The Super-Team Uprising
Since 2007, when the Boston Celtics acquired perennial all-stars Kevin Garnett and Ray Allen, the super-team era has reigned supreme in the NBA. Sure, the Celtics only pulled off the single title, but they were a steady force in the league until the next dynamic trio formed in South Beach in 2010. Miami won a couple of titles and it appeared as though anything was indeed possible (a la Kevin Garnett), including assembling a team made up of the top players in the world to win a championship. Fancy that.
Then it was back to Cleveland where another threesome formed resulting in yet another title. Not lost in all this was the fact that Golden State shaped a championship-winning team largely via good-old-fashioned drafting. Rather than set the tone for what could have been one of the greatest Western Conference rivalries in history, they coerced the best player away from their not-to-be rival, while leaving OKC in permanent purgatory. Though an altered path from the aforementioned super squads exists, the Warriors as you see them today are undoubtedly a super team who garner little praise from outsiders when it comes to fitting accomplishments. It’s not so impressive when the captain of the football team with the chiseled jawline lands the best looking gal in the entire school, after all.
All Great Things…
There’s no automatic formula with these things, but everyone seems surprisingly impressed when the stars can put their egos aside for the sake of winning. The egos usually boil over in some capacity, though. We’ve seen it more recently in Golden State, which could be a sign that we are nearing the end of this unpleasant era. Not many were distraught to see Durant and Green at each other’s throats.
There’s absolutely no way Raptors fans are opposed to that juvenile behavior, either. See any smirking Raptors fan when broached on the subject matter. It’s like when the jock and the cheerleader have a screaming match in the middle of the cafeteria over the fact that he didn’t offer her a bite of his chicken sandwich, which inevitably leads to a string of fights that uproots the entire relationship. The shift is happening before our eyes; the rising of legitimate teams built on years of drafting, management of internal assets and tactical trades. Teams like the Raptors and the Bucks have formed cores in organic ways. The Raptors added a superstar to an already amazing team, but that acquisition couldn’t be further from what occurred in Boston back in ‘07.
The Kawhi-DeMar trade was an adept maneuver from a general manager that is very good at his job, which is a point that corroborates with various measured risk-to-reward based decisions that have largely worked out – like drafting a raw talent toward the end of the 2016 draft that ultimately turned into a budding star. Sometimes that doesn’t work out. What’s Bruno Caboclo up to these days? The point is that this has been percolating – for so long. It’s been a drawn-out process, one that true fans appreciate. The Raptors win in different ways. They aren’t copying another franchise’s DNA. They don’t have a bonafide big three. Maybe a big two, with six to seven other legitimate starters who accept whatever role falls to them on a given night. That’s what fun about this team. They’re their own thing. It’s evolved into that. You can’t just create that overnight, like the Heat did in 2010. Step 1: grab three top players in the league. Step 2: Well that’s about it, I think.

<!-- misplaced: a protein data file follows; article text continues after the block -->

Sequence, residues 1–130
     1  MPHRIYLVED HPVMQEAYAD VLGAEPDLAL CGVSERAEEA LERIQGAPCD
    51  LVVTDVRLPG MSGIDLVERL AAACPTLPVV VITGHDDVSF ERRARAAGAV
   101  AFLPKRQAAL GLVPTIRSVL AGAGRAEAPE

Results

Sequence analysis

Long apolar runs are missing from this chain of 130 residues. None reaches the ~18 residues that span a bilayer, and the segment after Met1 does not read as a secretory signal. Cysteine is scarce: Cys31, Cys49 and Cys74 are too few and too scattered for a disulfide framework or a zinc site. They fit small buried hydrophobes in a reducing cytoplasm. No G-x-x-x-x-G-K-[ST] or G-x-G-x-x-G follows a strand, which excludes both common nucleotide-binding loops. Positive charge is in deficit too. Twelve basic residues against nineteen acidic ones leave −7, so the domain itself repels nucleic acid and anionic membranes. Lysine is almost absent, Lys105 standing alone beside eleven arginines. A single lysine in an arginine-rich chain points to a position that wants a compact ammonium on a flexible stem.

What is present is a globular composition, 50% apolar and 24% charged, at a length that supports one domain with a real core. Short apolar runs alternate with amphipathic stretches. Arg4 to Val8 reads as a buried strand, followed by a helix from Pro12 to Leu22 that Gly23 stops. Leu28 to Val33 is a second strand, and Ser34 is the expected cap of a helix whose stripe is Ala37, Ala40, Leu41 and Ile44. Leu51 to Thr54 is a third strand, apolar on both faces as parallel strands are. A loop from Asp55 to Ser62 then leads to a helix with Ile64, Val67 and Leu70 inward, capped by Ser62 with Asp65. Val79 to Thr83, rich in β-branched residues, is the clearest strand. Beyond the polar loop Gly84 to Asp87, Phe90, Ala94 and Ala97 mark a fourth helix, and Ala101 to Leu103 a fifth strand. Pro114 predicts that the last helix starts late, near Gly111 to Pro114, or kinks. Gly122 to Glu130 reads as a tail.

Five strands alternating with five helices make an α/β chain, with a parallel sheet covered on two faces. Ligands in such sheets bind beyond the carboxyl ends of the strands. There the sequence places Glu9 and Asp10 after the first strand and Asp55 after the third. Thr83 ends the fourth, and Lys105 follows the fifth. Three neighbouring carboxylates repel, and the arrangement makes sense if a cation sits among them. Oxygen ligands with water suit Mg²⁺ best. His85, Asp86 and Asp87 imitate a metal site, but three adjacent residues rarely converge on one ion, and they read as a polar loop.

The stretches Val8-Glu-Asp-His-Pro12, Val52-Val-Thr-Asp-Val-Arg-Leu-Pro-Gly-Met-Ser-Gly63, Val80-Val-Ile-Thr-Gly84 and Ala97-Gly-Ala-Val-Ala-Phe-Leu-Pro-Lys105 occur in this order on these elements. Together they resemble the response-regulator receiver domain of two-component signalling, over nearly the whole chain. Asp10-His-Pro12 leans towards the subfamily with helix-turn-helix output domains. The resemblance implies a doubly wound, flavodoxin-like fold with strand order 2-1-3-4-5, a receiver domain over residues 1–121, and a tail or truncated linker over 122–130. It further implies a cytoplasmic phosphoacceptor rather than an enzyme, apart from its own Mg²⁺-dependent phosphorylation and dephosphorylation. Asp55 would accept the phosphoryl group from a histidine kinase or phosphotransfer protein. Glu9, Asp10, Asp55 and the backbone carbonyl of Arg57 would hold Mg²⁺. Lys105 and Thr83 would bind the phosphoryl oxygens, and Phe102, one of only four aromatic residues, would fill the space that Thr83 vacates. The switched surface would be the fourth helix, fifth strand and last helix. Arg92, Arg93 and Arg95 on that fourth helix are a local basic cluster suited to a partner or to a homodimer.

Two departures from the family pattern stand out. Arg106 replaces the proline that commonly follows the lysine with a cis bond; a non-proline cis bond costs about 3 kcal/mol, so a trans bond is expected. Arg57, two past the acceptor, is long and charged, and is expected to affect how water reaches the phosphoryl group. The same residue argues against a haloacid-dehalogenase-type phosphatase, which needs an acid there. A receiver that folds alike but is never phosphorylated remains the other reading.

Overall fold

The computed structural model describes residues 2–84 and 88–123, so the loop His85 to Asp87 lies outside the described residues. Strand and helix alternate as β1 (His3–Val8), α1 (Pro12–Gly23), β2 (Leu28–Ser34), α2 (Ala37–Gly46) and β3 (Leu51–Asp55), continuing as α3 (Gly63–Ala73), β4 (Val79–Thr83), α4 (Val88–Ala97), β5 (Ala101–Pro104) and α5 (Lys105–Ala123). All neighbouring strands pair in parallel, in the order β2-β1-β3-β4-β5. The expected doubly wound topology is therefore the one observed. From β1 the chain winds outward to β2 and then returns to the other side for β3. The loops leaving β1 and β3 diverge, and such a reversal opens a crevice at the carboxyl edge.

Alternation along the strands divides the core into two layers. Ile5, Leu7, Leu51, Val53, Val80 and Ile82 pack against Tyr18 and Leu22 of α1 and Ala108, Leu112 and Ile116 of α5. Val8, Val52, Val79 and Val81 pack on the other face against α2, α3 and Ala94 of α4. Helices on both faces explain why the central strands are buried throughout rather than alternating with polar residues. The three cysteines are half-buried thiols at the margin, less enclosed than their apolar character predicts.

Super Teams Leave a Bad Taste
Super teams and star collaborations probably won’t die altogether. One or two players have such a significant impact in basketball, but there’s something to be said for enduring the process, and there are unspoken acceptable variances to the equation. For example, while Jimmy Butler remains a polarizing figure, that was a risky move by Elton Brand – and one that is garnering early praise. He could be a piece of the puzzle in Philly. They didn’t go and buy the whole puzzle, though. When it comes to enduring, Sixers fans know a thing or two about biding their time, or, whatever it was they were doing from 2012 through 2017.
The Butler move also doesn’t have a ‘stick it to the rest of the league’ after-taste to it. Sure, eastern opponents weren’t happy, but there wasn’t the league-wide fan-based eye-rolling contest that we witnessed when Boogie signed with the Warriors. Sometimes, there’s just something gratifying about making a loaf of homemade bread. If you can add the right ingredients along the way, you’re going to have yourself one delectable sandwich that’s immeasurably more satisfying than a cold cut trio from Subway. However, there is a reason why there’s a Subway on every street corner.